The best way to describe India is ordered chaos, at least traffic. Raj said that "Americans drive on the left side of the road, the English drive on the right, and Indians drive down the middle". He was totally right. There really weren't any traffic lanes. Everyone just went for it, and it works.
|Raj sent me this selfie. Had to share it since I will be talking about him a lot. He was with us the whole time we were there.|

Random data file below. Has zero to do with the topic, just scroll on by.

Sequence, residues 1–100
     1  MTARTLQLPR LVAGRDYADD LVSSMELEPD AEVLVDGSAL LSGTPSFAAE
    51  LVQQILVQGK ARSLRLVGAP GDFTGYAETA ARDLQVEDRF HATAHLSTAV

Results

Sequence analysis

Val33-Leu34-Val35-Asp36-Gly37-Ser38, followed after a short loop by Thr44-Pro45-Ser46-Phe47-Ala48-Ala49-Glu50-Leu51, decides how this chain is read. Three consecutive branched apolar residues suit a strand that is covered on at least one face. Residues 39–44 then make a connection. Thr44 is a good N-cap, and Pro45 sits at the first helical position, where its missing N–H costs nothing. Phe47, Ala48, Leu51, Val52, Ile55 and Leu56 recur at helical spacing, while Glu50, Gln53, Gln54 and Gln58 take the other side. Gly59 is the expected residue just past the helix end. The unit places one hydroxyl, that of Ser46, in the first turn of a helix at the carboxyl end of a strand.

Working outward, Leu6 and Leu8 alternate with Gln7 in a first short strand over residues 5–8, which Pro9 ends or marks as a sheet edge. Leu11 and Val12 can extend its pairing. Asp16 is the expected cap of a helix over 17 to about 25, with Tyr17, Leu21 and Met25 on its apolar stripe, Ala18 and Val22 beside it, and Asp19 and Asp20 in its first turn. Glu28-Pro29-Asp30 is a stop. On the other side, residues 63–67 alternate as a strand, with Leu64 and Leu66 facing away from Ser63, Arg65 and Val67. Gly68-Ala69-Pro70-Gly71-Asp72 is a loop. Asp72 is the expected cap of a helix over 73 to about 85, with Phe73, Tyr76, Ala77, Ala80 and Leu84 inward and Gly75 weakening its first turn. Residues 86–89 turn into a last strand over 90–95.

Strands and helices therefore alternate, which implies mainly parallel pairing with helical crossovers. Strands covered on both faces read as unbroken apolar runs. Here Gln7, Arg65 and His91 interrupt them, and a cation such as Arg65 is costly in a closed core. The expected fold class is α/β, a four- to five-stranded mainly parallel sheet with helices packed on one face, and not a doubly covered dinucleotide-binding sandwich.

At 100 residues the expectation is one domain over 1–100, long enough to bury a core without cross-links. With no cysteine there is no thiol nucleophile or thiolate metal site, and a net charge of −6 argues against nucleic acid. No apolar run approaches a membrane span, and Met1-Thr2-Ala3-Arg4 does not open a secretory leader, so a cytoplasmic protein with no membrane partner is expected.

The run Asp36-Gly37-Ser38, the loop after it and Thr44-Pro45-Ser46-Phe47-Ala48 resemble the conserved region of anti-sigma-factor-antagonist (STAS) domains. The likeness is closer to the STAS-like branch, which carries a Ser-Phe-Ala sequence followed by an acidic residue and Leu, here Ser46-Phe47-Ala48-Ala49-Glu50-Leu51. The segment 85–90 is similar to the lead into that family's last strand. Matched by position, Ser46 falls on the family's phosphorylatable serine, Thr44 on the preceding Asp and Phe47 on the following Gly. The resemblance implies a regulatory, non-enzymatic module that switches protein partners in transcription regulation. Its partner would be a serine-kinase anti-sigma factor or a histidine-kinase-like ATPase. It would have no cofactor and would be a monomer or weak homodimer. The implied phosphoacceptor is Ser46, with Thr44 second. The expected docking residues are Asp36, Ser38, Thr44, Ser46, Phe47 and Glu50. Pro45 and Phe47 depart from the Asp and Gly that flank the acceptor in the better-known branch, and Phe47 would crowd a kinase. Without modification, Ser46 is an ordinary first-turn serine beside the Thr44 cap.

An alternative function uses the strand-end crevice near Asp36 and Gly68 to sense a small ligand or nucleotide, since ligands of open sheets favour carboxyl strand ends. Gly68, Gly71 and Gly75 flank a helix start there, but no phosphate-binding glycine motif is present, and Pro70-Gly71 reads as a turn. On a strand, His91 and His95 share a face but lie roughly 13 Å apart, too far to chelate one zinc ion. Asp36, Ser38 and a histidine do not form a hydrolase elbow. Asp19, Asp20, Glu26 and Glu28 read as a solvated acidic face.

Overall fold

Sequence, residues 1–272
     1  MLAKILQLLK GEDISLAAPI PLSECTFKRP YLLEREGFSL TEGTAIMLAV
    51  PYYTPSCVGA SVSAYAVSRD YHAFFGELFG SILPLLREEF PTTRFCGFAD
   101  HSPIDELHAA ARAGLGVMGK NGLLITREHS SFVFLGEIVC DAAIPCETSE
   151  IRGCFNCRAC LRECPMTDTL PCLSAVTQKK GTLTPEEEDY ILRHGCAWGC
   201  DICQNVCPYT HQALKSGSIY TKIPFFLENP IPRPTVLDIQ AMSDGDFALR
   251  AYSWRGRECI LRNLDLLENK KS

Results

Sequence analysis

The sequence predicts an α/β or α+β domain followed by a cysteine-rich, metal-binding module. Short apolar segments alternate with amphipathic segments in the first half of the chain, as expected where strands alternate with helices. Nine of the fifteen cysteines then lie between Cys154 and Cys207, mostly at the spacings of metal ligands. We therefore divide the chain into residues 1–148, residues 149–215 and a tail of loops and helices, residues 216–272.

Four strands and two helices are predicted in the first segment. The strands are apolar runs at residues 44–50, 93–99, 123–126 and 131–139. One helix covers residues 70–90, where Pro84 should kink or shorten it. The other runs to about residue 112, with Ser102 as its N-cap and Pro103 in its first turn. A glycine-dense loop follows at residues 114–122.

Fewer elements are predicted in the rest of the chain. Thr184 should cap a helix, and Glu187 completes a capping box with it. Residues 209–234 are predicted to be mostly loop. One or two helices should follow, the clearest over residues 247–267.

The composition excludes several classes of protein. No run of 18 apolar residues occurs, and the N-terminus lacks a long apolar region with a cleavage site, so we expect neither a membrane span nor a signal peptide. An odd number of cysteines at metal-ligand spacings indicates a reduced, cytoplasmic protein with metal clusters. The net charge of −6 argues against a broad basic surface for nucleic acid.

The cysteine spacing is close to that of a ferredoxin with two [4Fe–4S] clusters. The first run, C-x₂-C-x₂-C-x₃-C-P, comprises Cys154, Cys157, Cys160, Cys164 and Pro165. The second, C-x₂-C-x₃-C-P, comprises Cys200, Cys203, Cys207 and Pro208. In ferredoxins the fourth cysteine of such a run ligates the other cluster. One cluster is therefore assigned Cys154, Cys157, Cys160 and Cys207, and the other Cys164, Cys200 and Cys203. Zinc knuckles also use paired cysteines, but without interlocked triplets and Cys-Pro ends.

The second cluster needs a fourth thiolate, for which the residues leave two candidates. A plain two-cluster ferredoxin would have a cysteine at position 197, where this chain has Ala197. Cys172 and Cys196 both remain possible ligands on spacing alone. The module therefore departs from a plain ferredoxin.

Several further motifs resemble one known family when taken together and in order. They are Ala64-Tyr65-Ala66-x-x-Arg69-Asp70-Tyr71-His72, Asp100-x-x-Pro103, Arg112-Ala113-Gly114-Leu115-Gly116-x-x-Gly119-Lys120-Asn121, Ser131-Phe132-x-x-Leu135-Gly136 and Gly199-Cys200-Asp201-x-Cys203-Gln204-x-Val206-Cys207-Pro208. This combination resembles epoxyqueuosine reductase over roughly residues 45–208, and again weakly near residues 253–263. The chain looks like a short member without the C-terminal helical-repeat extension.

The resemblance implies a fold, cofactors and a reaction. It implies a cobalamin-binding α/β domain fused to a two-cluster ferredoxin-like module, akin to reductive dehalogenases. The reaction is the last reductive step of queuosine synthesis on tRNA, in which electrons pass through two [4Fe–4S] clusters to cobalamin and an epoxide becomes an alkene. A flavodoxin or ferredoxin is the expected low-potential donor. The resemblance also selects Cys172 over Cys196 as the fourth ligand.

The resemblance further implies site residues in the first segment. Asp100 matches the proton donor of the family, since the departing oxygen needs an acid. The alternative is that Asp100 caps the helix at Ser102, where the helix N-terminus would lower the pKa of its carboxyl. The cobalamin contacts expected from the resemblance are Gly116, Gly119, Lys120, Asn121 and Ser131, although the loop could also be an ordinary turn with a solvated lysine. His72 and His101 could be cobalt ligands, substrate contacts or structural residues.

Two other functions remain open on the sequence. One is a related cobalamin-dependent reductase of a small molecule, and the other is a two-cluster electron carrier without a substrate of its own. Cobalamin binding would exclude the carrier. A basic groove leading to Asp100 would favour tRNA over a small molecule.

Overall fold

There were a lot of tourists there, mostly Indian. Lyndon was surprised at how few Western tourists we saw the whole trip. A little girl asked me to take a picture with her. I obliged, but then these two grandpas jumped right next to me (like right next to me. No personal space whatsoever) and had their friend start snapping photos, then the little girl's family wanted some photos, then some other grandpas wanted some photos, and I finally had to say no more, and walk away. Like I said, most of these tourists were from India, and I was the first white blonde person they were seeing in real life. Raj told us that. Makes sense, since India has almost as many people as China does. They were nice, but I was on vacation too. One of our later tour guides told us that we should start charging money and they would run away. We did not try that, but said "no" when we were not feeling up to it. I didn't mind the photo here and there, but this was a little much. I am used to being started at and people taking pictures of me and the kids (someone actually took a video of us on the train today), and it really doesn't bother me. I just keep my head held high and look forward, but in India it was a different story. Those Indian men are very friendly. Lyndon was feeling very protective of me as the outing went on.